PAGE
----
Heading off into the wilderness without a flashlight is the outdoors equivalent of bringing a knife to a gunfight. Put simply, Mother Nature is stronger and more ruthless than you.
Even if you plan to walk between sunrise or sunset, many reasons could change this, from spending too much time in that purdy little village back up the track, to finding the camp site closed, and it’s a potentially perilous trek to the next one.
Once the sun goes down, that delightful Disney-esque fairy tale mountain trail can mutate very quickly into a Grimm obstacle course of steep ravines, potholes, pitch blackness and 101 ways to snap a tendon or a bone.
If you have to wild camp, if nothing else, you’ll want to see what sort of terrain you face.
What you need is a piece of kit that will give you a good, wide light for some yards up the track, but will not need large batteries taking up much-needed space.
Do you feel safer with 12 inches of stainless steel needing up to six large, heavy batteries? If not, we’d suggest a torch a lot smaller and lighter than that. But do research. Will anywhere along the trail allow access to electricity to recharge your kit? Will you need to bring your own adapter? Or are you happy with one-use lithium or alkaline batteries?
A heavier, tactical flashlight with a beam like the smile of a Hollywood superstar is great if you’re camping with the car, and weight and size is not an issue. Plus, they’re also useful for self-defense. However, if you’re not expecting the zombie apocalypse then something as small and as light as possible is what we’re looking for. Every ounce counts when coming to the end of a long, long day.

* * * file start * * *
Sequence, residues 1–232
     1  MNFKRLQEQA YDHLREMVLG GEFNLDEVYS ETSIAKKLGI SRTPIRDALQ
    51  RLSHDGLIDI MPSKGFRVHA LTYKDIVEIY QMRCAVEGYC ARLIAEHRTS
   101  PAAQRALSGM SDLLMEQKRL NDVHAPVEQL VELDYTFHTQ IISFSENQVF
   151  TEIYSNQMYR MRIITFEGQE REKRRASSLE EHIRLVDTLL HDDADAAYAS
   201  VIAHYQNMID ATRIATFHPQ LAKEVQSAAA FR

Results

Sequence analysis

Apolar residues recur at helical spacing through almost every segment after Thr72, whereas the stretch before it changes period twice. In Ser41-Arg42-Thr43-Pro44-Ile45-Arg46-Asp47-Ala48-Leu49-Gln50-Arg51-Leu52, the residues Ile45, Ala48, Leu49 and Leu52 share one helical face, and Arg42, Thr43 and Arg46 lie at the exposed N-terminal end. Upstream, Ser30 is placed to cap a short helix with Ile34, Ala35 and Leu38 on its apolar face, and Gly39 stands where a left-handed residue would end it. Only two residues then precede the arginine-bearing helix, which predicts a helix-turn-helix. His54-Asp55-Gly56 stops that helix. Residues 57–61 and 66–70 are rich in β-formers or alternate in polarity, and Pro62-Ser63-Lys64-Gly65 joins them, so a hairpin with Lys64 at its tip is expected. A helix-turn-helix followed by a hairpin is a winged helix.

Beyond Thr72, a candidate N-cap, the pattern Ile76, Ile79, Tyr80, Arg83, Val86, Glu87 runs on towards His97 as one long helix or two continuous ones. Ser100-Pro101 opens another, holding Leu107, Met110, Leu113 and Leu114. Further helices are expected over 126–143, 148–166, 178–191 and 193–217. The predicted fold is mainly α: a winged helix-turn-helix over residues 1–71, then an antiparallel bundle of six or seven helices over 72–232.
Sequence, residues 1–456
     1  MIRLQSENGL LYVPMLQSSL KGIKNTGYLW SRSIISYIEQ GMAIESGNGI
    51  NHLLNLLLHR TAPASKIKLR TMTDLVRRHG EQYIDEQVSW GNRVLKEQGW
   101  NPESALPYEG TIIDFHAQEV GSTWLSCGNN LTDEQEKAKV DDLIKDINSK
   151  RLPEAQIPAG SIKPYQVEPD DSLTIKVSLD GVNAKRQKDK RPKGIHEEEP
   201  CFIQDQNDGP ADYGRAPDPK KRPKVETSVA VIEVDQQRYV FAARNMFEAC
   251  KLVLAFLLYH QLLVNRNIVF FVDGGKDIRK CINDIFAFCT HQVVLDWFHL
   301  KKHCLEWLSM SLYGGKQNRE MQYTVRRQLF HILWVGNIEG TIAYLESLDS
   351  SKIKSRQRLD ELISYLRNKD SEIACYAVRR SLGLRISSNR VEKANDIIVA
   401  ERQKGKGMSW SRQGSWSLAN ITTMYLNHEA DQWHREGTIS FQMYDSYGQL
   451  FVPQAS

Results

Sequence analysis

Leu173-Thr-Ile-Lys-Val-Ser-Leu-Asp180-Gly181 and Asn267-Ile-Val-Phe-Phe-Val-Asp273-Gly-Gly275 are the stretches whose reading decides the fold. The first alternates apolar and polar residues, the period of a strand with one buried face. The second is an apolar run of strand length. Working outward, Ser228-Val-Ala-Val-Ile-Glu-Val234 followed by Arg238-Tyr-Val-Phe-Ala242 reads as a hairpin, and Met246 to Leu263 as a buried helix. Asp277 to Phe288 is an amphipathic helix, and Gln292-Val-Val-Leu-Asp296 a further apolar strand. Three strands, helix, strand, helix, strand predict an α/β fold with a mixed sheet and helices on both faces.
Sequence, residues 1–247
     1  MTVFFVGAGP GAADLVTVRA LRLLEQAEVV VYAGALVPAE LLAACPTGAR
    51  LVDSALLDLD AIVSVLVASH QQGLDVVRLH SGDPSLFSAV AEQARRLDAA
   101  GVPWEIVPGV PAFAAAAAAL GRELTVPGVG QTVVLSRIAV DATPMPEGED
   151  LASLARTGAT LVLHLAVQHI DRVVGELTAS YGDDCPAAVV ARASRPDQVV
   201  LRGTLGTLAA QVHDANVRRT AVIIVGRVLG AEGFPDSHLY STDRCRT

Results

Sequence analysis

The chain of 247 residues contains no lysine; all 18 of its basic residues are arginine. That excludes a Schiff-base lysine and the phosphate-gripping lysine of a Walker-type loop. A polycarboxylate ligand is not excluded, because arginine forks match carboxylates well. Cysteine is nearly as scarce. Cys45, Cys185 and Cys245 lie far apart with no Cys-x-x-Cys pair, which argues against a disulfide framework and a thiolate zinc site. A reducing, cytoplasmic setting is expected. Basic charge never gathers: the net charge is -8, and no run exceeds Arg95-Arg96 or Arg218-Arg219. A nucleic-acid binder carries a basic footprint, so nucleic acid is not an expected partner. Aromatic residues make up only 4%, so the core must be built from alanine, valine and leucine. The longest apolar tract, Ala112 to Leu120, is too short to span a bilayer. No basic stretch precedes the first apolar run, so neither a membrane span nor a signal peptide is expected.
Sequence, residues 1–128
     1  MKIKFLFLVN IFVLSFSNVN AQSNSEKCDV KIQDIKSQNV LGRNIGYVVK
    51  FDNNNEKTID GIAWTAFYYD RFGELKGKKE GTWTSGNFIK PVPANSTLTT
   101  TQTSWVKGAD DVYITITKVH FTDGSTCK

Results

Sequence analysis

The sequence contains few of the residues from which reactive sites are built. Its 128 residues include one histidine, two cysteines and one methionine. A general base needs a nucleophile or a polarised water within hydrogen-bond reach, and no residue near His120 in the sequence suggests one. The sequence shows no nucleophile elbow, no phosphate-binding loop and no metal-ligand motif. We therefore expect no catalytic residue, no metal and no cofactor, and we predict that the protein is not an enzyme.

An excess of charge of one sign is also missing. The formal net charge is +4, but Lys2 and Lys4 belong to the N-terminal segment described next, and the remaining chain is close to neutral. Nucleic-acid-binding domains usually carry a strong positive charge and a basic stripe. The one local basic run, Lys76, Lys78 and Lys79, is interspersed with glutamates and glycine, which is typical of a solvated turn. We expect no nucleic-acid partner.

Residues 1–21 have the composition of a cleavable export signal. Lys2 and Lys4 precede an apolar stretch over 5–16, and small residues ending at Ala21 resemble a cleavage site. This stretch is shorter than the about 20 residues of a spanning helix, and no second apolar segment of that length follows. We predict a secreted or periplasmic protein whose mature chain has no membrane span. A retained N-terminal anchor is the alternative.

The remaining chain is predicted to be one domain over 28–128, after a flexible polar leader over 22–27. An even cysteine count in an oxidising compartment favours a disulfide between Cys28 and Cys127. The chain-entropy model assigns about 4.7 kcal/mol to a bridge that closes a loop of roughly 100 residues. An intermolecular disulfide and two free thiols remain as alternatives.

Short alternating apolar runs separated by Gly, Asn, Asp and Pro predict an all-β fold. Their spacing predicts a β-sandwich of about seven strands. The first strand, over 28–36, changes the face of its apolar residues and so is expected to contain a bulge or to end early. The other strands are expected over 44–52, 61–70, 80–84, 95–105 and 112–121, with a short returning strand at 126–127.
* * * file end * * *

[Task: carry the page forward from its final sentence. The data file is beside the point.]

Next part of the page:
You’re hauling your home and everything needed for survival on your back. Each item must justify its inclusion, so again something small yet powerful is what we need. If hiking with a friend, are even two lights needed? A small, tactical flashlight may be best.
Some flashlights give off such a strong light that they’ve been known to set undergrowth or pieces of paper on fire – no seriously, we are not making this up. You need something to help you stay on a mountain trail if the sun’s gone down and there is no moon. You may not need something with the strength of a car headlamp. Remember, you are not a lighthouse. You are not even a car. And unless you are in the Government or in a homage to ET, you do not need a piercing beam that will look brilliant but rather spooky when it bounces off the trees.
More lumens means less run-time. And when you’re miles from the nearest convenience store, making your batteries last as long as possible could be a lifesaver.
A traditional style of flashlight may not even be needed. High-powered but small ‘wearable’ lamps could well be the way to go. The obvious option is the headlamp, but you could even go for models you carry on your wrist or even on a lanyard.